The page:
But the market is beginning to look overbought as oil prices and interest rates are on the move again. Google, Apple and Facebook boost the Nasdaq.
Good economic news has given the bulls something to cheer about, but bears point to future challenges on the horizon.
With the market trading near long-time highs, is it too late to buy into the rally? Not if you follow these simple rules from a proven pro.
The central bank will describe its plans for the next few months on Wednesday. The odds favor a bland announcement, which should cheer investors.
The shares are up more than 42% since reporting a huge earnings and revenue beat for the 2nd quarter. CEO Zuckerberg's stake has jumped from $13 billion to $18.8 billion.
The rally shows its strength by shrugging off weakness in Japan and worries about next week's Fed meeting. Exxon, Chevron and Whole Foods report results.
The company shows a 22% revenue gain, but it reports a small loss for its second quarter. As always, Amazon's focus is on delivering for customers with a slim profit margin.
VIDEO ON MSN MONEY
Copyright © 2014 Microsoft. All rights reserved.
Fundamental company data and historical chart data provided by Morningstar Inc. Real-time index quotes and delayed quotes supplied by Morningstar Inc. Quotes delayed by up to 15 minutes, except where indicated otherwise. Fund summary, fund performance and dividend data provided by Morningstar Inc. Analyst recommendations provided by Zacks Investment Research. StockScouter data provided by Verus Analytics. IPO data provided by Hoover's Inc. Index membership data provided by Morningstar Inc.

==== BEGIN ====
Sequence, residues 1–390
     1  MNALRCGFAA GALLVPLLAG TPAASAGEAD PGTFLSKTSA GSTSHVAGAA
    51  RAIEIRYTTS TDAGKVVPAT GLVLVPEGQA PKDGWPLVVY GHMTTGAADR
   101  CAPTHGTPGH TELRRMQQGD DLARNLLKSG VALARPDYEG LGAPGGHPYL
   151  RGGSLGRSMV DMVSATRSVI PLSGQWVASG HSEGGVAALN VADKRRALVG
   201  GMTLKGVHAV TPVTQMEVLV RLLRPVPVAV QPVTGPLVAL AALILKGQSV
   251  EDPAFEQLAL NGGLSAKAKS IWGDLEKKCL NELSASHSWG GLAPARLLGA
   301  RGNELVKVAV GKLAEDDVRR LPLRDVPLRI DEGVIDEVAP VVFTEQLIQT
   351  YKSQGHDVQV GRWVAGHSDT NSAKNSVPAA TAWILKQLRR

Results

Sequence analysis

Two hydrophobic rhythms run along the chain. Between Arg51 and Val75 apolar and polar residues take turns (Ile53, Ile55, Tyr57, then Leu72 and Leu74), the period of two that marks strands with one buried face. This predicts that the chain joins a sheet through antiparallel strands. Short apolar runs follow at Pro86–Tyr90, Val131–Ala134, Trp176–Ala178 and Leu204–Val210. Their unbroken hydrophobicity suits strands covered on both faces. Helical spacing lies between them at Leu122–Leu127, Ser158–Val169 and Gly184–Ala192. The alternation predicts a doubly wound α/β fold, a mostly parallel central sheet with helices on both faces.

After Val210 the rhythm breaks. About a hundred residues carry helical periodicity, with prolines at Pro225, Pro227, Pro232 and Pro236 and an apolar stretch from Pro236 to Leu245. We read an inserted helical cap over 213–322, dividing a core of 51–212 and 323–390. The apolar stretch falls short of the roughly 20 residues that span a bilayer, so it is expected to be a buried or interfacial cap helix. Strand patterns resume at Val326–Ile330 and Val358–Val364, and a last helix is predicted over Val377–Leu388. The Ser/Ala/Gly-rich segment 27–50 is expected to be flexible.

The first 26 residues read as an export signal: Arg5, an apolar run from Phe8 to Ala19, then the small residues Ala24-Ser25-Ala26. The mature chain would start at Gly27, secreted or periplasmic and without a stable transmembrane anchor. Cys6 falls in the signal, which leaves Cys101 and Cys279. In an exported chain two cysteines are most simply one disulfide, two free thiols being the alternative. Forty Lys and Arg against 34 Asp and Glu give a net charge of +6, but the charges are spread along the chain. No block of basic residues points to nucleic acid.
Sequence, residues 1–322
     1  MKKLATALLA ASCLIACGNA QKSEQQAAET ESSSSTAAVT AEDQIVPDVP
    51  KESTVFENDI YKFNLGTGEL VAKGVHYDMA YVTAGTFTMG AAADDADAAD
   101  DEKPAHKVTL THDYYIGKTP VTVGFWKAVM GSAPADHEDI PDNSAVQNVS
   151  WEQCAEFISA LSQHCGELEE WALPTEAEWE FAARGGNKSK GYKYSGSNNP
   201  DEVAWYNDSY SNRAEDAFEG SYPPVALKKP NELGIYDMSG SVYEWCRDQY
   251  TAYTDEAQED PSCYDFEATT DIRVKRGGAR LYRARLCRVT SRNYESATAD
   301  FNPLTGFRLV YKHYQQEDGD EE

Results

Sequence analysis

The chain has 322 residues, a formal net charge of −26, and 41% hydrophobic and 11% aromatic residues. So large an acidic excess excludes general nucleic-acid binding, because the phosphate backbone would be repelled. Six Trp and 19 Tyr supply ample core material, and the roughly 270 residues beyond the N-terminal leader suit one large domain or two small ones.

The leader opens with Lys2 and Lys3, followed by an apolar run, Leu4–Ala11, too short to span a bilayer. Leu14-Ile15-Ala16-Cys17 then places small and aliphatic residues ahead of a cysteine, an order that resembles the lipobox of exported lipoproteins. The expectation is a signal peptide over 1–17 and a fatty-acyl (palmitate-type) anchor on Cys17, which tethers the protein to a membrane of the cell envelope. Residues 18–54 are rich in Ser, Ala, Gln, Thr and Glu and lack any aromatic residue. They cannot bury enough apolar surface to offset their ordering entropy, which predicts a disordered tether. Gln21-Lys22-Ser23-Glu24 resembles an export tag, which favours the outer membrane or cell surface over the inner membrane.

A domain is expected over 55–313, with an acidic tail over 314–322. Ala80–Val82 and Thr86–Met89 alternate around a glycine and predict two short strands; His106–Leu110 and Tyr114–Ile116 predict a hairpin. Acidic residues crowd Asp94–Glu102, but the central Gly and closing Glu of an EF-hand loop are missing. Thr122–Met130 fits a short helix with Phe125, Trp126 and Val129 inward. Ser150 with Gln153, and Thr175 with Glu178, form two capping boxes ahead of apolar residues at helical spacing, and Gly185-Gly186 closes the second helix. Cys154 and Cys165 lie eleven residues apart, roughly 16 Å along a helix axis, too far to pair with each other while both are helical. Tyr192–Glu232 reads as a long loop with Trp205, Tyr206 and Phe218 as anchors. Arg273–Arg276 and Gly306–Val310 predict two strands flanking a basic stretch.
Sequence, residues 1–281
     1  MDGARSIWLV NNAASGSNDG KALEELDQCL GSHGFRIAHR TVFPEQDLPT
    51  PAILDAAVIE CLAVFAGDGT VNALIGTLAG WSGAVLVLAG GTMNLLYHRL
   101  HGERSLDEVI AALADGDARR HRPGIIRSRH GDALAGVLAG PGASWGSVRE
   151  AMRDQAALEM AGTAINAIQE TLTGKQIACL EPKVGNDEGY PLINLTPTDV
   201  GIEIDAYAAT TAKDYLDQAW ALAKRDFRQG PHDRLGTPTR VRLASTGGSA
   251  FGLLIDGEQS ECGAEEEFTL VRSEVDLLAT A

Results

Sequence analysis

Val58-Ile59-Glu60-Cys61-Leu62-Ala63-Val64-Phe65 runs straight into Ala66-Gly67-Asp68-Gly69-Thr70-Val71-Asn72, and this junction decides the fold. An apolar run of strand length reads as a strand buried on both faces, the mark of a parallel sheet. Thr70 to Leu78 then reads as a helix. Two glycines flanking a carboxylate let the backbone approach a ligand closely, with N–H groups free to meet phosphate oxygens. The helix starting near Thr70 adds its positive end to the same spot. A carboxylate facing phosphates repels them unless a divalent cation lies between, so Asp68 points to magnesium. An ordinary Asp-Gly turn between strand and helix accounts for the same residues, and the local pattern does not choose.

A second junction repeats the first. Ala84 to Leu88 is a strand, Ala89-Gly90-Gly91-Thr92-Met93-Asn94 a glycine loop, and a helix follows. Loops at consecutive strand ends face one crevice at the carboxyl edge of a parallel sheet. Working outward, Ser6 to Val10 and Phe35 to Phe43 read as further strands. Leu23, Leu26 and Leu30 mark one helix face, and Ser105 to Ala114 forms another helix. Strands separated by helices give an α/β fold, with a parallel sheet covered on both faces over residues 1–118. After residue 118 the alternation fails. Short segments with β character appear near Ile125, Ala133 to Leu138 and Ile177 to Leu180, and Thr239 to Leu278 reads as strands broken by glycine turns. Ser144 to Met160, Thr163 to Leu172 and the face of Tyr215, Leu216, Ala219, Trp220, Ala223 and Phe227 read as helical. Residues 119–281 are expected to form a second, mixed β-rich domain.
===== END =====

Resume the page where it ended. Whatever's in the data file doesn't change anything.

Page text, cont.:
The Market Dispatches column has been discontinued. Here's where to find the latest stock and business news on MSN Money, and the latest from market writer Charley Blaine.
MONEY & POLITICS
Breaking up big banks is an untested solution to the too big to fail problem that attempts to isolate and dismantle large, troubled institutions while protecting the rest of the economy.
A new survey reveals Americans are most embarrassed to admit their amount of credit card debt.
In a tax case, a US judge ruled that the agency's published guidelines don't hold up in court.
MUST-SEE ON MSN
- Video: Easy DIY smoked meats at home
A charcuterie master shares his process for cold-smoking meat at home.
- Jetpacks about to go mainstream
- Weird things covered by home insurance
- Bing: 70 percent of adults report 'digital eye strain'